It is one of the most consumed foods in Japan: miso soup.
Japanese cuisine is not only limited to sushi and sashimi. Once you start learning about the Japanese culinary art, you must understand the meaning of the word umami. If, for Westerners, the four primary tastes are salty, sweet, bitter, and sour, there is for the Japanese a fifth essential flavor: umami, which means “delicious taste”.
What is the origin of umami?
In the early twentieth century, Professor Ikeda detected a different taste of those known so far while conducting a research on a seaweed broth. This taste is now 100 years old and is just starting to be known in the Western world. One of the reasons is that umami has only been recognized worldwide as the fifth taste since 2001.
What is umami?
Umami is a real sensation, triggered by the presence in food of one or more of these three substances: glutamate (present in prosciutto, parmesan, dried seaweed), guanylate (present in dried mushrooms, crab, meat) and inosinate (present in tuna, meat, sea urchins). In general, the taste is closely linked to the presence of proteins, and is found in savory rather than sweet dishes.
What is miso?
Miso (pronounced misso) is a traditional food in Japan and China and can be found in the form of a very strong-flavored salty paste. It is obtained from soy beans, salt and, depending on the manufacturing process, either barley or rice.
How to make miso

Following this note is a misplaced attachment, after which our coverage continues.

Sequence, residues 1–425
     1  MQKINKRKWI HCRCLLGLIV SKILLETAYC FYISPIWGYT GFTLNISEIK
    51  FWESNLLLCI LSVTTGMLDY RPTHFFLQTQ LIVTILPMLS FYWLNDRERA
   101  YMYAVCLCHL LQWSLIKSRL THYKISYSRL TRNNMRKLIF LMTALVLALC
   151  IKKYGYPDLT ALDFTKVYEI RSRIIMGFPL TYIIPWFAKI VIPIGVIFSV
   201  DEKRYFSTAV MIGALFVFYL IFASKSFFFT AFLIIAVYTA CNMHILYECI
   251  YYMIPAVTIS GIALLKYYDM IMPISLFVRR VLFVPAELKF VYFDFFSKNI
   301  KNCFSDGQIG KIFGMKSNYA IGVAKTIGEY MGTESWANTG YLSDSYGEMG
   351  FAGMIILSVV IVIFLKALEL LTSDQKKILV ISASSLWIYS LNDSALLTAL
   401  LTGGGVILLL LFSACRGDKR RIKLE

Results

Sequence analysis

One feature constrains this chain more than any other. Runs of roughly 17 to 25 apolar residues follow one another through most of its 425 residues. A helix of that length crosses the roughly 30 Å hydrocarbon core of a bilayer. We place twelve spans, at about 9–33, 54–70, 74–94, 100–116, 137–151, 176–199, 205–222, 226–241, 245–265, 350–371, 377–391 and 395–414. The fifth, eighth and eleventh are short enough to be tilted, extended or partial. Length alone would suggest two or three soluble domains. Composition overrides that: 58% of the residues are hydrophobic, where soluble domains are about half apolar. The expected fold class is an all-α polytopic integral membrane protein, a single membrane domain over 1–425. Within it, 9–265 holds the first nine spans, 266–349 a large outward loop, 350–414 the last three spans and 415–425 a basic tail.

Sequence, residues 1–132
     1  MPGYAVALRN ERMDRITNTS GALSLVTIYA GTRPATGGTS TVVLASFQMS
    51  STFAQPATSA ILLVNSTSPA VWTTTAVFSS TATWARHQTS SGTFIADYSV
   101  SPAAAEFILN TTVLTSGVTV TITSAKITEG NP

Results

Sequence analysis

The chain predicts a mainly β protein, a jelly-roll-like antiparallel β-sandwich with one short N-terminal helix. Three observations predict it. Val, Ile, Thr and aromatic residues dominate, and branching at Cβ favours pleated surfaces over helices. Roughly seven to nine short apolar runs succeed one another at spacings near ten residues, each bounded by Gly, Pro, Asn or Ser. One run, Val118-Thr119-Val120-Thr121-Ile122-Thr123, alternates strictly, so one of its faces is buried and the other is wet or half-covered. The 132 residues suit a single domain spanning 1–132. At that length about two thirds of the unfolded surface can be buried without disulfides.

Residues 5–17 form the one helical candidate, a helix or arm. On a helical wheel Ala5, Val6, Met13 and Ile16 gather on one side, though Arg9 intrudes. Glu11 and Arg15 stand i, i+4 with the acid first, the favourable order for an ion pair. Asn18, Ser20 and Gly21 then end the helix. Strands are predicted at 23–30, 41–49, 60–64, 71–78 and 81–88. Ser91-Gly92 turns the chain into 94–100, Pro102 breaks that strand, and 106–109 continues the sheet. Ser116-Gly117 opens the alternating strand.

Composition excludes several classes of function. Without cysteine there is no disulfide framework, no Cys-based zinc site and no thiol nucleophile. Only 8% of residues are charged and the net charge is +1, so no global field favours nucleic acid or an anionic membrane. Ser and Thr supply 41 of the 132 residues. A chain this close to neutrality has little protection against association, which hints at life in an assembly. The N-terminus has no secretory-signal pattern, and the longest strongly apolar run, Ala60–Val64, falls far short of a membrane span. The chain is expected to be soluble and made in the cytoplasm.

Soybeans are first steamed, then mixed with salt water and then fermented with koji (fungus that stimulates fermentation). The mixture is being aged and traditionally fermented in cedar barrels for a period ranging from a few weeks to three years.
Miso is therefore the result of a double fermentation: the first, a short one, gives koji; the second, a longer one, gives miso.
What is dashi?
Beside miso, another key ingredient in this soup is dashi, which is an ingredient of many Japanese recipes. Prepared essentially with dried bonito (Katsuo-bushi) and dried shiitakes, cooked or soaked in hot water. These dried foods provide the umami taste.
What is wakame?
The third unfamiliar ingredient that is necessary in miso soup is wakame (sea fern). It is an edible seaweed that is very popular in Asia and especially in Japan where it originated. The Japanese make use of wakame in food but for therapeutic purposes.
This miso soup recipe was just excellent. Try it!
- 2 teaspoons granulated dashi
- 3 cups water
- 3 tablespoons miso paste
- 2 tablespoons dried wakame seaweed
- 2 tablespoons tamarind juice
- 4 oz. tofu , diced
- 1 oz. Chinese chive
Rehydrate the wakame seaweed and rinse well.
In a saucepan, combine water, dashi granules and the seaweed. Bring to a boil.
When the water is boiling, lower to medium heat. Add miso paste and tamarind juice. Stir well.
Add tofu and chives. Simmer gently for 2 minutes before serving.